What to Expect
WHAT DOES A NEW PATIENT VISIT INCLUDE?
Typically you will be dilated for a complete eye exam for your first visit. Other testing may be done depending on your condition. A refraction to determine a need for spectacles may be done if necessary.
WHAT DO I NEED TO BRING WITH ME TO MY APPOINTMENT?
- A picture ID
- New Patient Form -optional- (available below)
- Insurance cards if applicable
- A list of your current medications
- Referral form and co-pay as required by your insurance plan
DO I NEED A DRIVER FOR A REGULAR APPOINTMENT?
If you know that you are going to be dilated, then you may need a driver as some people have difficulty driving after being dilated. Otherwise, a driver is not necessary.
Insurance & Billing
Krates Eye Centers accepts numerous insurance plans and participates with Medicare. The following insurance plans are accepted. Please call ahead to confirm our participation with your plan, as it continually changes. Patients should always check first with their insurance carrier regarding coverage, benefits and the physicians affiliated with their insurance plan.
We will bill your insurance company for services and will accept cash, personal check, MasterCard, VISA or DISCOVER for payment of your co-payment and deductibles.
Frequently Asked Questions
There are two types of eye doctors, and the difference between “optometrist” and “ophthalmologist” is more than just their different spellings. It’s not surprising that many people aren’t sure which is which.
Ophthalmologist: Total Eye Care
Ophthalmologists are physicians – (MDs) or (DOs). MDs and DOs complete four or more years of college premedical education, four years of medical school, and one year of internship to get their doctorate degrees. After they become licensed physicians, they undergo a residency of three or more years. This consists of medical and surgical specialty training specifically in eye care. Ophthalmologists provide complete eye care services. These include:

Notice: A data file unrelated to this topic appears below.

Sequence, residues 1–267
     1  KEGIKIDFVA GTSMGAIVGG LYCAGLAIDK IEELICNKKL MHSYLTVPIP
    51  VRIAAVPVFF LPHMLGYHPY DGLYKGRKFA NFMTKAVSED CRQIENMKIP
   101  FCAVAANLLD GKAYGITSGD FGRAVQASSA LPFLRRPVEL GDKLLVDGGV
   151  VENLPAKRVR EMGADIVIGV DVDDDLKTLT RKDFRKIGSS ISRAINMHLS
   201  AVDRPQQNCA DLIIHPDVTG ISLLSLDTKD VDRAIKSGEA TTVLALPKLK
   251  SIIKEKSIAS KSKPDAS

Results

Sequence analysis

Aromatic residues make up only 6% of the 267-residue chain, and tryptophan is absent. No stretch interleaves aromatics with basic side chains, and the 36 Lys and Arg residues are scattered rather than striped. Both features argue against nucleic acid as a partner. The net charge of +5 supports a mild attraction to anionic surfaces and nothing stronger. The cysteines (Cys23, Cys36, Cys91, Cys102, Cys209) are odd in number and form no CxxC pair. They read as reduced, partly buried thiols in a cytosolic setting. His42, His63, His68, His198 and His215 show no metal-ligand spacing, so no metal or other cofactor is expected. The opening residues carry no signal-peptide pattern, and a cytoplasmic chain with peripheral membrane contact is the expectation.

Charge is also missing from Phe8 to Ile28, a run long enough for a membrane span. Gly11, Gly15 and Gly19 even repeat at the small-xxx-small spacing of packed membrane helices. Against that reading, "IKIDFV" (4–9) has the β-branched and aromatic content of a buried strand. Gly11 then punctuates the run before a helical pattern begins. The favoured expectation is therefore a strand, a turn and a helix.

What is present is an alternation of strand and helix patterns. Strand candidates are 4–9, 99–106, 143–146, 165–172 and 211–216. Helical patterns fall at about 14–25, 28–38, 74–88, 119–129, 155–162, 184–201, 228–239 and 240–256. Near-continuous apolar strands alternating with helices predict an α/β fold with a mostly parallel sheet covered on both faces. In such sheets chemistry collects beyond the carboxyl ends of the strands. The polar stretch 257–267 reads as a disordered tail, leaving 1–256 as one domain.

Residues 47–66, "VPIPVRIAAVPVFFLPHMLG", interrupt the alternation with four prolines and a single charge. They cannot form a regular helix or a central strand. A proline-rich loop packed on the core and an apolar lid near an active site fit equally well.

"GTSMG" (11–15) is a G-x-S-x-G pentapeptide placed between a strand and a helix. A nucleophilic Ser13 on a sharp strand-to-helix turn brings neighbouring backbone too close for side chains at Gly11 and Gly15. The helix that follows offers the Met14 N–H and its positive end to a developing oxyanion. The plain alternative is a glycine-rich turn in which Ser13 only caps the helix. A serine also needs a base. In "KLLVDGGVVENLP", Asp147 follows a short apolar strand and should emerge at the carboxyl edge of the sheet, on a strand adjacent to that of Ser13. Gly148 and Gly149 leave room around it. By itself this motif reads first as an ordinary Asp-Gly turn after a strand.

- Vision services — including eye exams
- Medical eye care — for glaucoma, iritis, chemical burns, macular degeneration, infections in or around the eye, etc.
- Surgical eye care — for trauma, eyelid lesions, cataracts, glaucoma, cornea diseases, etc.
- Diagnosis and treatment of eye conditions related to other diseases, like diabetes (diabetic retinopathy), arthritis (iritis), or neurologic conditions (multiple sclerosis/optic neuritis)
- Eye disease and injury preventive services
- Plastic surgery — some ophthalmologists offer this service for drooping eyelids or skin tumors.
Optometrist (OD): Vision Care and Eye Care Services
Optometrists are trained to diagnose and treat vision conditions like nearsightedness, farsightedness, and astigmatism. They are trained in prescribing eyeglasses, contact lenses, eye exercises, low vision aids, and vision therapy. They are also trained to identify cataracts, glaucoma, and retinal disease, and to use medications to treat eye disease. Optometrists complete an undergraduate degree before beginning four years of graduate training for an optometry (OD) degree. Some complete a postgraduate one-year clinical residency to gain specialist certification. The services optometrists provide include:
- Vision services such as eye exams, and treatment of conditions such as amblyopia and strabismus
- Diagnosing eye conditions such as glaucoma, macular degeneration, diabetic retinopathy, and conjunctivitis
- Prescribing medications for eye conditions.
- Offer eye disease and injury-prevention services
- Prescribing and fitting glasses and contact lenses
- Optometrists also take part in pre- and postoperative care for patients having eye surgery.
- Optometrists and ophthalmologists many times work in the same office and co-manage patients.